Laval Center for the Arts | Suburban Triennale! natural taste

The perfect fair for summer (and young and old) 3e Triennale Banlieue! Presented until October 30 at the Maison des Arts de Laval, it refreshes the mind as much as it refreshes the body. The original works of 19 artists or artist duos from Quebec, Canada and France evoke where nature lies in the North American suburbs. Very inspiring edition.

Posted at 6:47 AM

Eric Kleiman

Eric Kleiman

What a prolific and original edition of Triennale Banlieue! In the Alfred-Pellan room at the Maison des Arts de Laval. After creations about life stories in 2015, migrations seen under the magnifying glass of theater in 2018, the exhibition, this year, deals with the region considered from the point of view of geography and the relationship to nature. Curators Marie Perrault and Jan Romaneschi, backed by the expertise of a strong scientific panel.

Tip, first: Before the tour begins, watch the 18-minute video in which the themes of the exhibition are discussed. Urban planner Samuel Descôteaux Fréchette identifies the history of the emergence of suburbs in Quebec before addressing the ecological future of our suburbs. Biologist Anis Boutin talked about the importance of wetlands in populated areas, then geographer Louis Tremblay taught us that ecological corridors are necessary in the suburbs to allow the species to spread. It also addresses the persistent demand of nature lovers to ban pesticides and other products harmful to human health and the health of animals and plants in general.

The Importance of Adopting a New Look in the Suburbs – But Elsewhere, Too! – Well illustrated by the plant artwork car park paradise, created by Ottawa artist Deborah Margaux on the grassy walkways adjacent to the Montmorency College parking lot, near the Maison des Arts de Laval. You will see that the grass, cut, is replaced for about twenty meters by a mixture of plants and flowers (echinacea, chrysanthemums, asters, chamomile, golden rod, etc.). An unconvincing call to Laval College to put an end to this grass that turns yellow when it doesn’t rain enough, and its roots are shallow, which is not the case with a variety that is more drought-resistant and more bee-friendly and more. insects.

Photo Robert Skinner, the press

In the foreground, Deborah Margo’s factory work

Also outside, the high-end installation of Eugenia Reznik, Listen to the field of rootswith benches, potato plants and two speakers, evokes rooting (with sound testimonies from Lavalloises and Lavallois), the importance of potatoes in the human diet and also tradition for creating bonds between people.

Photo Robert Skinner, the press

Ukrainian artist Eugenia Reznik

Nearby, we had the extraordinary experience of listening to… the breath of a tree. A poetic and sensitive installation by Scenocosme, a group of artists Leon Grégory Lasserre and Anaïs met den Ancxt. We won’t tell you more! Give it a try and find the trick…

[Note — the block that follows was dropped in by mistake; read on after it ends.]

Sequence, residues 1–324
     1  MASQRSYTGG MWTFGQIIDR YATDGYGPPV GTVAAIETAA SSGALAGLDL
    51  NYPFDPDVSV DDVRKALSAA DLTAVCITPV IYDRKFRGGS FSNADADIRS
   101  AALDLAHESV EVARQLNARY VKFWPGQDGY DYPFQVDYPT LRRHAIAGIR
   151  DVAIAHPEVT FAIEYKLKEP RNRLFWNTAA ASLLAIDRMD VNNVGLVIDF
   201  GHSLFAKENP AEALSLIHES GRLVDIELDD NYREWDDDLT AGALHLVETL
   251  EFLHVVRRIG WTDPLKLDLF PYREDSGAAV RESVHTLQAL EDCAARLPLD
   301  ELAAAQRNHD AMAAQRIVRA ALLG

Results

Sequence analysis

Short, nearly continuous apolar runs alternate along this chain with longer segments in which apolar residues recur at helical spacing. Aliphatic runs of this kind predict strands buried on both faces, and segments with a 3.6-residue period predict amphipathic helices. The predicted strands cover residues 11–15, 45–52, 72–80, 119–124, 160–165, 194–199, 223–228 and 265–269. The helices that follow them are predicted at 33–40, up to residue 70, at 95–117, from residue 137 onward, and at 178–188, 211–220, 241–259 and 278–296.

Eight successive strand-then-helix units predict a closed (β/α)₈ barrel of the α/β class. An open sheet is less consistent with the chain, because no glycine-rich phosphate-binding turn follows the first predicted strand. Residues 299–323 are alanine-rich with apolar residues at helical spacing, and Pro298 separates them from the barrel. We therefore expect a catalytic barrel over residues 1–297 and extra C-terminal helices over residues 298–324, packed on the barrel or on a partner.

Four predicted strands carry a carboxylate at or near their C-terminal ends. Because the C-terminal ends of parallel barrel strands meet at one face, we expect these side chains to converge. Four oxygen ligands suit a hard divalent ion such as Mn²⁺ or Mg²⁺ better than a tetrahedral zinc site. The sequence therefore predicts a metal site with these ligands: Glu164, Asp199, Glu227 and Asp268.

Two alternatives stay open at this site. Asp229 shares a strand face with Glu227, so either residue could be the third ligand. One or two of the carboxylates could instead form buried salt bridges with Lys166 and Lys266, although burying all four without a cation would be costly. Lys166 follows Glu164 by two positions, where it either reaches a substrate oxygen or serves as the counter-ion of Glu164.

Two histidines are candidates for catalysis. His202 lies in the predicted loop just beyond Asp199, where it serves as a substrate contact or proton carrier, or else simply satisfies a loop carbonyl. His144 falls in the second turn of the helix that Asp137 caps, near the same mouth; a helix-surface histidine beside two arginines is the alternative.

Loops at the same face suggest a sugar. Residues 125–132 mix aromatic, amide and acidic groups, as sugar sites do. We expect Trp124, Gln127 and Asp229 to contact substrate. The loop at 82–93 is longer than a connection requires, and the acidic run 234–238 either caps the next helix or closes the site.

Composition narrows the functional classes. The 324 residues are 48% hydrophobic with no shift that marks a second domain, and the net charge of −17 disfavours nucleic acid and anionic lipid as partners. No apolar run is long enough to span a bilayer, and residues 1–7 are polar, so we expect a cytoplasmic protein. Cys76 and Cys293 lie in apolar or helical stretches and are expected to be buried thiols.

In the Alfred-Pellan Room, the choice of commissioners varies greatly and provides plenty of insight into the challenges of suburbia in the context of the climate crisis.

Celebrating the Soft Land with the installation of Mary Cote. A new original survey by Nicholas Grenier, using colour, on the view we have of our environment. Aquaculture Lab – where fish, plants and bacteria work in symbiosis to enhance life – a great idea from Sophie Aubrey.

There are also four photographs of the impact of fire in the British Columbia suburbs, a work by Andreas Rutkauskas. Field of Wheat Ears (plastic) by Ludovic Bony, where you can walk. Nature conquered, as in the days of the Wild West, with great video Researchers, by Louise Noguchi of Ontario. Old suburban scenes, obviously Stephen Orner! Or the Humorous Bird Kit Library by Richard Ibeghi and Marilou Lemmens. Look closely to appreciate the fiction used to talk about the (real) work of birds. When we tell you that this Triennale combines social responsibility, environmental awareness, and fun on the eyes, these are not empty words!

Co-curator Marie Perrault wanted to address the variety of relationships that suburban residents have with nature. and presenting scientifically interpretable works, which impart substance to the exhibition, thanks to very complete nomenclature. “The Triennale shows that there is a certain vitality in suburbia and that if everyone puts their shoulder to the wheel, we can improve the presence of nature there, in different ways, to recreate natural environments,” says -she. A bit like Louis Tremblay explains with eco trails.”

Note that throughout August, the Maison des Arts de Laval organizes, in parallel, free activities: the manufacture of seed bombs, the creation of blue patterns, discussions, performances, visits and workshops, all proposed by curators, artists and scientists. something to enhance visit this 3e Triennale Banlieue! A much needed look at suburban areas.

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